LIVE: The Joe Locke Trio @ Central House, 4/25/15
Review and photographs by Rudy Lu
Although, Germantown is the former home of legendary saxophonist Sonny Rollins, it can hardly be called a mecca of jazz. But it was just that last month when the newly renovated Central House bed and breakfast in Germantown was the site of a sold-out concert featuring vibraphone master Joe Locke and his trio in conjunction with an exhibition by renowned photographer Chuck Stewart, who was in attendance as an honored guest.
You may not know the name Chuck Stewart, but if you are a fan of old jazz vinyl LPs, you have certainly seen his work. His work is on literally thousands of album covers. On display were portraits of the masters of jazz, ranging from Louis Armstrong, Billie Holiday and Nat King Cole to Alice Coltrane, Rahsaan Roland Kirk and Steve Gadd. Although the work was considered commercial at the time, as its purpose was to help sell the music, it is now regarded as fine art as the work captured the essence of the artists and their times.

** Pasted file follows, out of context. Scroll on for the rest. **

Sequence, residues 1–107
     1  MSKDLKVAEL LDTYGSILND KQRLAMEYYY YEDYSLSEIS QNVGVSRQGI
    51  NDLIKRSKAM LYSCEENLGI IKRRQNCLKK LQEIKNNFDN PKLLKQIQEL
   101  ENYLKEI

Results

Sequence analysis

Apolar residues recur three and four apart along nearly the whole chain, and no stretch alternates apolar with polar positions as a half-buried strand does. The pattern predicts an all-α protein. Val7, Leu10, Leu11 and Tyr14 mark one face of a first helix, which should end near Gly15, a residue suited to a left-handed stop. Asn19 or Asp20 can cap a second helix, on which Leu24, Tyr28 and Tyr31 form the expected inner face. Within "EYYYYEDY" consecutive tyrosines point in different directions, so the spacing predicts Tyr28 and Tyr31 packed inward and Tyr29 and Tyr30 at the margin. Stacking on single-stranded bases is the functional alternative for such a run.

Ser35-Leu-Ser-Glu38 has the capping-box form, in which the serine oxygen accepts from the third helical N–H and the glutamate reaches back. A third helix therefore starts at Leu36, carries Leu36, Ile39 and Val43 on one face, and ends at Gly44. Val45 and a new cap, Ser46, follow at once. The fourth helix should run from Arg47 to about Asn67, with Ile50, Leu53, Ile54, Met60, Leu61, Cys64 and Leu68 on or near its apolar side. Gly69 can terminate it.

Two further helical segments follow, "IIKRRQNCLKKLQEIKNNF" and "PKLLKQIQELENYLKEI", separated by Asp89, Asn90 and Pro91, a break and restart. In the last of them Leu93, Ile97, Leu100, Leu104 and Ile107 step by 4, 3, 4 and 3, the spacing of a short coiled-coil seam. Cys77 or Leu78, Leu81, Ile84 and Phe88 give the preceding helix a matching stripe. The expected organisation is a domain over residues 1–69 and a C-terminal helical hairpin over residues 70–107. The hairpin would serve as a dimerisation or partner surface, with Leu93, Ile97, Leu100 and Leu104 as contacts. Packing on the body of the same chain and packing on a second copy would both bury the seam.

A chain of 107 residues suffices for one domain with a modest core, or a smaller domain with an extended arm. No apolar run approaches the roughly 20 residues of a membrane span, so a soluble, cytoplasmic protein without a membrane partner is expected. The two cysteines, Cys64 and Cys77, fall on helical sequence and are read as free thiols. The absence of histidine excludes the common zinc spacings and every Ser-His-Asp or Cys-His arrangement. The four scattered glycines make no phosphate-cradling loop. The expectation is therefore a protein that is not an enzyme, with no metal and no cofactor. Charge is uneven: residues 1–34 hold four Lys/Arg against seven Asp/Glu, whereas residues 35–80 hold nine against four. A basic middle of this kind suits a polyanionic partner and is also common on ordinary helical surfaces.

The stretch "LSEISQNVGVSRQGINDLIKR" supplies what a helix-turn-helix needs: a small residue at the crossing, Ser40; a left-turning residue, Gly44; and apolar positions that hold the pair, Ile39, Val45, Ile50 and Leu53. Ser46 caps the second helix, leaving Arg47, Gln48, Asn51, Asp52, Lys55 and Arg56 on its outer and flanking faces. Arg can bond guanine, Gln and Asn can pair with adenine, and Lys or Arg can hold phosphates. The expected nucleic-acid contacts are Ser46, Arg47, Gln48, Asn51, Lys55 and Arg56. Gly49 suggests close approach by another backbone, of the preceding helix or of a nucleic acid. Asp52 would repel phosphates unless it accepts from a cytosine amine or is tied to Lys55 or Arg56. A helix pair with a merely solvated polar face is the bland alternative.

Inspired by the photographs on the wall and in the spirit of improvisation, vibraphone master Locke and his band played one continuous set of music starting with the Wayne Shorter composition “Footprints,” then playing tunes inspired by the portraits on the wall, “No Mo” by Sonny Rollins, “Nature Boy” inspired by the portrait of Nat King Cole and “Come Sunday” by Duke Ellington. He also played an original composition titled “Love Is a Planchette,” based on a poem by the same name describing how love should be treated with a light hand similar to the touch on a planchette, the pointer on a Ouija board.
Locke, who is known for always bringing fresh musical ideas and listening to his bandmates while playing, did not disappoint. The almost telepathic interplay between Locke, bass player Rick Rodriguez and drummer Jaimeo Brown was indeed fascinating and beautiful to listen to.
This concert was certainly an auspicious beginning to what will hopefully be just the first of many musical happenings in this tiny hamlet.